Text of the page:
VistaPrint includes a small ad on the back of the card: Exclusively from Vistaprint, I think you can pay extra to replace the back with your own design, which presumably includes a blank page.

The free photo Christmas cards I ordered weren’t as awesome, but that could be a combination of low-resolution photo files and me being fascinated by the novelty of seeing my drawings printed in full-colour.

Would I order future designs of greeting cards from Vistaprint? We don’t have a colour printer, so I’m happy to order from them if I have a design that needs colour. Alternatively,  I might look into getting an inkjet printer, or trying local print shops. I want to experiment with printing black-and-white designs onto cardstock with our laser printer first, though, because black-and-write drawings can be quite expressive as well. (And I can always break out the crayons!)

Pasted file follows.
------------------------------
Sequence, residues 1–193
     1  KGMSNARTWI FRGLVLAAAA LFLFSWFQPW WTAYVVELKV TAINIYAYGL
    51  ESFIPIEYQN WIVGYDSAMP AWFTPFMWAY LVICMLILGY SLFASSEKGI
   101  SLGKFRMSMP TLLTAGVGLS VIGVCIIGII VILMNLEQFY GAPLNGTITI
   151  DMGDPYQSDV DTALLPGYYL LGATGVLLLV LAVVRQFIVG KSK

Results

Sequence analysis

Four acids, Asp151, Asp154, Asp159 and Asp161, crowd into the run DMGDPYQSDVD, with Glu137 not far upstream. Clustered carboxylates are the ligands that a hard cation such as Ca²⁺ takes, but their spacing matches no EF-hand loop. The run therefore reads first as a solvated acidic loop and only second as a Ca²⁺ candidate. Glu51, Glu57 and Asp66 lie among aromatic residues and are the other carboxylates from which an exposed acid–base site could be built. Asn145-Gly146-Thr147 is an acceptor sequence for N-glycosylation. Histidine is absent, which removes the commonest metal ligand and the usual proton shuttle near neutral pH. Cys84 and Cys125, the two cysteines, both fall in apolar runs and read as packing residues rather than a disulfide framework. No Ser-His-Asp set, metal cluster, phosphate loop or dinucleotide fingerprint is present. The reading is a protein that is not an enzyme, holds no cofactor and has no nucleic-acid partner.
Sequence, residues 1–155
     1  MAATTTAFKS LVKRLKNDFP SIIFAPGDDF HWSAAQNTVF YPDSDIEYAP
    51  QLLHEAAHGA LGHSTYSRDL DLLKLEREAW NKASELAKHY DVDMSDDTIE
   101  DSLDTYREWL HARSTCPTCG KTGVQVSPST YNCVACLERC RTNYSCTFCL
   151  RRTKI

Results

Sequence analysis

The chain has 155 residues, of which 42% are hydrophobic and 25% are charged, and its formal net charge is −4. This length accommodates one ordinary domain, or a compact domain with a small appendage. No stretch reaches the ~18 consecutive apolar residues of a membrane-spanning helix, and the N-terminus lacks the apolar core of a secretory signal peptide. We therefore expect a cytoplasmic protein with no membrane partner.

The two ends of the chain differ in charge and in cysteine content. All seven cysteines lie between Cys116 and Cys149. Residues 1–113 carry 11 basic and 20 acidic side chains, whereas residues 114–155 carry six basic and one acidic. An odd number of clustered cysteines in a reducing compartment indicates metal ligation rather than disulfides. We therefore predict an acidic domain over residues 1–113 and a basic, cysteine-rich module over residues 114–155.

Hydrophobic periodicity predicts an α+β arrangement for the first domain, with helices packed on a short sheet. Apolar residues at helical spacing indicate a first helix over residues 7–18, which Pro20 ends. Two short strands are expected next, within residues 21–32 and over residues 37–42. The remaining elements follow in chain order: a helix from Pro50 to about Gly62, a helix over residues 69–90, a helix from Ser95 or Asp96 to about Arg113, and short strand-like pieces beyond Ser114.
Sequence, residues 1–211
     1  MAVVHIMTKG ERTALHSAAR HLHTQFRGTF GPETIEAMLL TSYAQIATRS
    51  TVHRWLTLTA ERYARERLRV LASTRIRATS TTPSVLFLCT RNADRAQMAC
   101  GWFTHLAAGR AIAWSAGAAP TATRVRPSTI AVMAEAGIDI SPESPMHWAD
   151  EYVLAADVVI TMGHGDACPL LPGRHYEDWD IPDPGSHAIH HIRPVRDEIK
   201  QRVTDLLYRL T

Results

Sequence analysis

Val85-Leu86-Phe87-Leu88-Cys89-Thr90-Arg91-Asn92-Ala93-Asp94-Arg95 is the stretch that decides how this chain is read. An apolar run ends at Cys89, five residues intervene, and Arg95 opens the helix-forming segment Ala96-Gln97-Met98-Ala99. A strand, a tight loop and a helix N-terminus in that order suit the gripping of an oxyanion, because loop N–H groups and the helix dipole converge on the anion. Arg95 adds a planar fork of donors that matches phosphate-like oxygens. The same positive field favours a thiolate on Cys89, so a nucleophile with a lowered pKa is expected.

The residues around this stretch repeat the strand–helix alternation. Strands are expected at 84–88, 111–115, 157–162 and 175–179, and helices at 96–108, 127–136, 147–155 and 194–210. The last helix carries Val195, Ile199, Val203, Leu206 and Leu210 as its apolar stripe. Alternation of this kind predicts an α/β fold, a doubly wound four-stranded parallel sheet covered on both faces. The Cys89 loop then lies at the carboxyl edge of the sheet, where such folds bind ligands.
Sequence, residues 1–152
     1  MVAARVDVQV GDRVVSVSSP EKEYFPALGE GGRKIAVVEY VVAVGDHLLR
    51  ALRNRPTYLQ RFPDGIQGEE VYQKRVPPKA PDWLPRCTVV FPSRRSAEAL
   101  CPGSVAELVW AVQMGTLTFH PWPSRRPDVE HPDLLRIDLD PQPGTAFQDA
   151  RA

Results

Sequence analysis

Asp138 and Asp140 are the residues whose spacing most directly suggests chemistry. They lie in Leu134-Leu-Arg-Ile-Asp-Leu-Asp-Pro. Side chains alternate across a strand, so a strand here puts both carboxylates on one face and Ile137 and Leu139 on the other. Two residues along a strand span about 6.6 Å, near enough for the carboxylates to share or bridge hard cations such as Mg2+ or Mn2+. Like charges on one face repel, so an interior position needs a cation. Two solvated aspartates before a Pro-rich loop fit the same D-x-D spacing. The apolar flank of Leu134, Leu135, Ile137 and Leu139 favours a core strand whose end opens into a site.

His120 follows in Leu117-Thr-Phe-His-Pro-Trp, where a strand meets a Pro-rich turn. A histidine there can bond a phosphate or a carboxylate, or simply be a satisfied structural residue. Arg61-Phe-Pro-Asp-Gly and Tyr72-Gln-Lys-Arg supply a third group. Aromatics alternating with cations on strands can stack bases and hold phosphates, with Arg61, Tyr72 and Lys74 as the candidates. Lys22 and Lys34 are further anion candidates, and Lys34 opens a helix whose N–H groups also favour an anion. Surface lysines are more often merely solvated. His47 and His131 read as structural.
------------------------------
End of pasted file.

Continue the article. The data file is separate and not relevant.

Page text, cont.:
I can’t wait to send these out. I’m resisting the temptation to redo some of the other cards in my outbox, and to send seconds to people I’ve already sent cards to. Although I’m going to send second cards to my family, so that they can show it off to others. ;) Whee!


In fact, let’s share the wealth. I’ll give away five cards so you can use them to send to your other friends. Leave a comment on this post suggesting other geeky greeting cards you’d love to see. I’ll pick a random commenter by next Friday (December 17), get the mailing address through e-mail, and send the cards by express mail. No guarantees on when you might get it, but I hope it’ll be in time to send this year! =)

Cats: 0, toilet paper monster: 1; also, ArtRage and Autodesk Sketchbook Pro


One time when I came home, W- showed me the picture he took of a toilet paper trail going to the laundry basket. The cats refused to testify, but this is what I think happened.